"I still have black people angry with me that he became white – because it took him away from them," says Koch. "That being said, Chester had a black accent and that was racist because he was a comedy character. Implying that black [voices] are a comedy trope was not my intention. We have white comedians here who go on stage in front of white audiences and stereotype black accents, unquestioningly, so by even doing an accent I was contributing to that."

In one show, Koch confronted the issue by having Chester himself accuse him of "blackface" – and afterwards, felt there was really no further to take it. Either that was the end of Chester, or he needed to become Koch's "super politically aware white friend who holds my more centrist views to account. Which is what he is now".

While White Noise excavates Koch's personal culpability, the show's Edinburgh run has also been specifically tailored for a British audience. You can expect discussion of post-apartheid South Africa, but also of Britain's colonial crimes and of our current political situation (let's just say, Chester suits a blonde Boris wig rather well). 

"I do bring in South African history but in direct connection to the British narrative, because it is part of it," says Koch. He discusses the far-reaching economic consequences of colonialism, and in particular the impact of Cecil John Rhodes, the British 19th Century imperialist and politician whose detractors say engineered conditions in Southern Africa that allowed white settlers to oppress indigenous populations through displacement, poor wages and conditions, and limiting their rights and opportunities.

Jeff Dunham is the biggest ventriloquist in the world – and controversial in his use of characters (Credit: Alamy)

Jeff Dunham is the biggest ventriloquist in the world – and controversial in his use of characters (Credit: Alamy)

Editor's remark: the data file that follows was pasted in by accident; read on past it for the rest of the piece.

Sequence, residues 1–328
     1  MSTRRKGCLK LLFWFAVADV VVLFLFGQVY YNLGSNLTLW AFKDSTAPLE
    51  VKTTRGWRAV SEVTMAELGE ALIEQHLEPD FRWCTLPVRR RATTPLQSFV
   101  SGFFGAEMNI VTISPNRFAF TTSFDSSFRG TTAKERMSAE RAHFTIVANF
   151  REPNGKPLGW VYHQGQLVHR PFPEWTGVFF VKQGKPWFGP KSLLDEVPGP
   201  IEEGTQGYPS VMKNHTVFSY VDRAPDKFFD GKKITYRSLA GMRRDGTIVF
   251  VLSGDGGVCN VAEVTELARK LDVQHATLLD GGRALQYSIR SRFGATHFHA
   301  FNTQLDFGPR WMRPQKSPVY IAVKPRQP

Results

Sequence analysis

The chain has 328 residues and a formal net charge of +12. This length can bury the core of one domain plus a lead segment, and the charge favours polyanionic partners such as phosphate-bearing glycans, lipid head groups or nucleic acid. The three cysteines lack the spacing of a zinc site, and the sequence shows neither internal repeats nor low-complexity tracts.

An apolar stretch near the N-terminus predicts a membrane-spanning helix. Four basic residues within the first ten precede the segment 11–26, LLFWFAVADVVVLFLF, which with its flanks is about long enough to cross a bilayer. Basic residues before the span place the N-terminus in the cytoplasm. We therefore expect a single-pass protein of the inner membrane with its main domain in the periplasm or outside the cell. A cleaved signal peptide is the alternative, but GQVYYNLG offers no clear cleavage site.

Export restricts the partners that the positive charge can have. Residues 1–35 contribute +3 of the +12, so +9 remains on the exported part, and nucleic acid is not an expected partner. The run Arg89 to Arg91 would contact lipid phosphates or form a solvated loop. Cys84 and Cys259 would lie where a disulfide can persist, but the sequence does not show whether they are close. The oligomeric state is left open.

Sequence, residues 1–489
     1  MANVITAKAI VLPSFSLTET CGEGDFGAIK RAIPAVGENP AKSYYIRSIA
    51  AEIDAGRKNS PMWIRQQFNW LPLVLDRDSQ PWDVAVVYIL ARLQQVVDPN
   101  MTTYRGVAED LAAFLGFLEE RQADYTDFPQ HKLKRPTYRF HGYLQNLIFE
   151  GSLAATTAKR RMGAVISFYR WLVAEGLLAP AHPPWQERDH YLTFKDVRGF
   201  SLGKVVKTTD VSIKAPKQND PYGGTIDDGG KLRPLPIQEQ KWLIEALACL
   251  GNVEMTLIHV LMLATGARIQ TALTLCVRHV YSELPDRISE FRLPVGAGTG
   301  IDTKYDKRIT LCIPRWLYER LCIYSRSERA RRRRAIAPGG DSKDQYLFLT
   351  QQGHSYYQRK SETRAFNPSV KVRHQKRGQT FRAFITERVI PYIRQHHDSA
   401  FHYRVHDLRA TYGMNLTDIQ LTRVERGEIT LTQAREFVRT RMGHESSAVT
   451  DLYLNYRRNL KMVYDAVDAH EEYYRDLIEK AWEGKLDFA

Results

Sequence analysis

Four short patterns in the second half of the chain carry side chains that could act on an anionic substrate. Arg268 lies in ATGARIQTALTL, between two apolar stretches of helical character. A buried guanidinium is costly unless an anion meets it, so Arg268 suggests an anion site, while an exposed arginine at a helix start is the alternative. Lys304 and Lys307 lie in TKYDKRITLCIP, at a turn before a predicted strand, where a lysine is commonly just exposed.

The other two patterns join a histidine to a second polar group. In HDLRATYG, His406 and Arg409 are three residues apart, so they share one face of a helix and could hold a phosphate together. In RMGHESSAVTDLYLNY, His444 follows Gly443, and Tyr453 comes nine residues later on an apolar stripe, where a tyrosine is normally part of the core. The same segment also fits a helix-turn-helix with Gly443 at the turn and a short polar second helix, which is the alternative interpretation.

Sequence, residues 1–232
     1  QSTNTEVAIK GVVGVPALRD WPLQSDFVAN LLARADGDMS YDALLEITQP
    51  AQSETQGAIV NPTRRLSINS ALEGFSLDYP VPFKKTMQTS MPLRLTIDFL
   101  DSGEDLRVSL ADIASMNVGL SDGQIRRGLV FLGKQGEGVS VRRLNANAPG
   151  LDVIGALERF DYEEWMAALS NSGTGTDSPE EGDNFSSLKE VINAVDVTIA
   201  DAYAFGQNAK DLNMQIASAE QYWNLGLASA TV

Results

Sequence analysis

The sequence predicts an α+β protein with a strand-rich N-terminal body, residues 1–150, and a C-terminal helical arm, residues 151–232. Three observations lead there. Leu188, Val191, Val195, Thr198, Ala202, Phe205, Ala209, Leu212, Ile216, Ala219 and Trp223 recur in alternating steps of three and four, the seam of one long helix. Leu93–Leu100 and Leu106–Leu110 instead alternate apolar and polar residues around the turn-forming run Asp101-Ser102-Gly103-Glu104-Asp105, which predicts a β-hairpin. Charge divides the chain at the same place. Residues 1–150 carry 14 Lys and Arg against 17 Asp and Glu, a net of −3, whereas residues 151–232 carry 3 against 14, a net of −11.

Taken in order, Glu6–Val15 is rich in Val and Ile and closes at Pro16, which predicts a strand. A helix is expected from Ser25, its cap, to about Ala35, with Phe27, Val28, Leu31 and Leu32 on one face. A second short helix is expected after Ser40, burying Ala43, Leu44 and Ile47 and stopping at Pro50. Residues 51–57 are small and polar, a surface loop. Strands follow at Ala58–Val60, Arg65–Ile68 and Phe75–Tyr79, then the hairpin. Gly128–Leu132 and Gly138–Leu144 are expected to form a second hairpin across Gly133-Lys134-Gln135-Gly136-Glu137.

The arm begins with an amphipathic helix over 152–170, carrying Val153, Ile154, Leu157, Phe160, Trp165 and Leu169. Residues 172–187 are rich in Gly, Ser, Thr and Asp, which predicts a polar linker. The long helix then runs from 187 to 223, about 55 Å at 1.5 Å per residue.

"He planned black poverty [in Southern Africa]. [He said] we're going to turn black people into what he called 'hewers of wood and bearers of water': he renamed slavery and outsourced it," claims Koch. And he points out that this economic and power disparity still exists today, with most black South Africans earning less than white citizens and many living in crushing poverty. 

At home, Koch's audience is almost entirely black – something that he believes is down to his anti-racist stance. "I can't get white South Africans to come and see this show. What happens is [white audiences] love laughing at the black politicians: do jokes about Jacob Zuma, our very corrupt ex-president, and white South Africans will laugh and laugh. And then you say, 'but we threw him in jail, for 10 years, on Robben Island' – 'ohhh why do you have to bring that up, it's in the past'…"

And so his plan to bring White Noise to Edinburgh has a stealthy side to it, he says: "[White people in South Africa] desperately need to understand what I'm saying, I think. The only way I can get them to watch, is to get your white people to say 'that was good'."

"The idea that I could change the country is arrogant and obnoxious and I'm just doing comedy…" he quickly adds, backtracking slightly. Nonetheless, his urge to start the conversation about colonialism, racism, and white privilege is very real – and as long as he has Chester on his arm, Koch will always have at least one person who won't stop talking to him about it. 

Conrad Koch: White Noise is at Pleasance Courtyard in Edinburgh till 29 August; Nina Conti: The Dating Show is at Pleasance Courtyard till 28 August; Paul Zerdin: Hands Free is at Gilded Balloon at the Museum, 11 – 17 August. All tickets available from edfringe.com